Introduction ] Broadsword ] Foreward ] The Gathering Storm ] Our Story ] Diary ] Surrender ] Convention ] Newspapers ] MIscellaneous ]

T H E   F A L K L A N D S
Longcast 1982 ] Ascension Island ] The Passage South ] [ The Falklands ] Action ] Seawolf ] Invasion 21st May ] Bomb Alley Day One 21st May ] Bomb Alley Day Two 22nd May ] Bomb Alley Day Three 23rd May ] Bomb Alley Day Four 24th May ] Coventry 25th May ] Total Exclusion Zone ] The Advance Ashore ] Bluff Cove ] Victory ] Epilogue ]

At 0600 on 1st May a lone Vulcan bomber attacked the airfield at Port Stanley having been re-fueled in flight by Victor tankers from its base in Ascension - the round trip covering 6000 miles. One bomb hit the runway putting a large crater across it. At 1000 the ship went to Action Stations as HERMES launched 11 Harriers on bombing runs on Port Stanley and the airs trip at Goose Green. This strike produced three more small craters on the runway at Port Stanley as well as damaging many of the surrounding airfield buildings.

Throughout the day there were several calls to Action Stations for air raids but no enemy aircraft came near the main force except for two Canberra bombers looking for the carriers. However GLAMORGAN, ARROW and ALACRITY were bombed and strafed as they were bombing Port Stanley from close in shore.

These ships suffered minor damage but thankfully nobody was killed. The Harriers intercepted some of the attacking aircraft shooting down two Mirages, two Canberras and chasing many more back to Argentina. One of these fleeing aircraft was shot down by its own Argentine troops on the Falklands. The bombardment continued overnight and then the group in shore returned to the main force at the completion of a very successful day.

Initially Sunday 2nd May was very quiet but it livened up in the evening with the news that HMS CONQUEROR had torpedoed the Argentine cruiser, GENERAL BELGRANO. The action took place 35 miles outside the TEZ, which caused a few ruffles around the world, but the action was explained when MOD stated that the cruiser had been sunk because its six inch guns posed a threat to the Task Force. Waves of euphoria, tinged with sadness for the men now fighting for their survival in the icy seas, swept through the ship. Surely the actions of the past two days would bring the Argentine Junta to its senses and show them that we meant business?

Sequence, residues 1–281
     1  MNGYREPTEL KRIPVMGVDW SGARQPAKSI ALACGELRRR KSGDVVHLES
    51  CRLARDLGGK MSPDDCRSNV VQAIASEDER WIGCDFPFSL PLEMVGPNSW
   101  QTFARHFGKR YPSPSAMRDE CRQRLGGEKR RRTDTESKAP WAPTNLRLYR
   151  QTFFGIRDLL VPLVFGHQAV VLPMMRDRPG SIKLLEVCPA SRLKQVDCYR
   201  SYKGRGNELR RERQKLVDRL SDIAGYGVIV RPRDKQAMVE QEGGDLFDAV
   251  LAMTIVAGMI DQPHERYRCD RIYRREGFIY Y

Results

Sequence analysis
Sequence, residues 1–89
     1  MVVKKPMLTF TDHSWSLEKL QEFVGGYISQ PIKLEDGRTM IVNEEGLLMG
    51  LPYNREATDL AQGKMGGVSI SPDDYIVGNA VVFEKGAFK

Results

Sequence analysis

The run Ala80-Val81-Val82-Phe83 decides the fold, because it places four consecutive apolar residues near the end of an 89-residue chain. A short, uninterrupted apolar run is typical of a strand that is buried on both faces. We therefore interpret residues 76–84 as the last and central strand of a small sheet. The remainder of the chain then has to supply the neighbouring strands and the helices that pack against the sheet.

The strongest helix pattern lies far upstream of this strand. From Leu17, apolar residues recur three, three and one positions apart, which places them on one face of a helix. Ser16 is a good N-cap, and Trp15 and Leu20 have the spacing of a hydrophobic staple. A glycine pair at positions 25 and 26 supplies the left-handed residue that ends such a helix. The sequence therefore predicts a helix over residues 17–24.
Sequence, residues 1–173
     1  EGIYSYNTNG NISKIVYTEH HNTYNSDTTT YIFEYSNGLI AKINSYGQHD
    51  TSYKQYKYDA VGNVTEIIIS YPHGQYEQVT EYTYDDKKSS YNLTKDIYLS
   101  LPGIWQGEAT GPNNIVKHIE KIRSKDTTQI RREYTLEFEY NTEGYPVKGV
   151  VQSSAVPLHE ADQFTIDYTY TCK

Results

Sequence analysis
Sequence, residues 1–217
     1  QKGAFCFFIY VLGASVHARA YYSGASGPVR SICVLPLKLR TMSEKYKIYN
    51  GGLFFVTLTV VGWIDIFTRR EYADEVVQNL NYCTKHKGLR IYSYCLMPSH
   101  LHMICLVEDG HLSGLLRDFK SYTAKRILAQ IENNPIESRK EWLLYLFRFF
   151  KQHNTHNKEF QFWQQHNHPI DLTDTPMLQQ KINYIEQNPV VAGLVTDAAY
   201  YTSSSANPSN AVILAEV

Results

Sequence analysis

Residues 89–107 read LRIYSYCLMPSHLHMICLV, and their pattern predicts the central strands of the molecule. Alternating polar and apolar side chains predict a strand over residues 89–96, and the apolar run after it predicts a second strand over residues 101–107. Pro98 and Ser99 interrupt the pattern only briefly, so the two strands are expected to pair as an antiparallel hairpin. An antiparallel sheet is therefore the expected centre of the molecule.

Monday 3 May again saw a first for the Task Force. A Sea King on a surface search mission was fired on from two small surface vessels to the north east of Port Stanley. HMS Coventry's and HMS Glasgow's Lynx aircraft attacked the vessels with the newly acquired, but as yet unproven, Sea Skua air to surface missiles. One patrol boat sank and the other was severely damaged.

During all the action BROADSWORD had been performing her customary role as goalkeeper for HERMES. This involved the ship maneuvering upthreat, very close to the carrier to enable Sea Wolf to protect both ships from attack by missiles or aircraft. Our part in the conflict seemed to be along way from the action but the happenings of Tuesday 4 May brought the horrors of war that little bit closer. We had secured from our regular, dawn action stations and eaten lunch when suddenly we were called to action stations. There seemed to be a lot of confusion. At first it was announced that SHEFFIELD had suffered an internal explosion; it was then thought that she has been torpedoed; but it finally became clear that she had been struck by an Exocet missile fired from a Super Etendard fighter/bomber. It was unbelievable. "How could the aircraft have got close enough to deliver the missile". "Had any more Exocets been fired"? The answers are now history and weren't' then of any concern. What did matter was whether we could save the crew and the ship.

Goalkeeping on Hermes

The missile had ripped a hole in the ship's side and had started numerous fires. Her main problem was in containing the fires and when it was discovered that her fire main had been breached and all power lost, all the ships sent over portable fire pumps. It was to no avail - the flames got worse and after a four hour battle the ship was abandoned. HMS ARROW took off most of the survivors and the injured were rushed to HERMES for treatment. A sobering day for all. Argentina was beginning to even the score. To hammer the point home a Harrier was shot down over Goose Green and the pilot was killed.

During the following day the weather clamped and the ships remained in the eastern corner of the TEZ to think through the previous day's attack. Slowly the initiative was being lost but morale still remained high and people felt happier in the evening when it was announced that the SAS would be using their High Altitude/Low Opening technique to drop in over the Islands. Very little happened in the fog of the next few days except that unfortunately two Harriers collided in mid-air and both pilots were lost.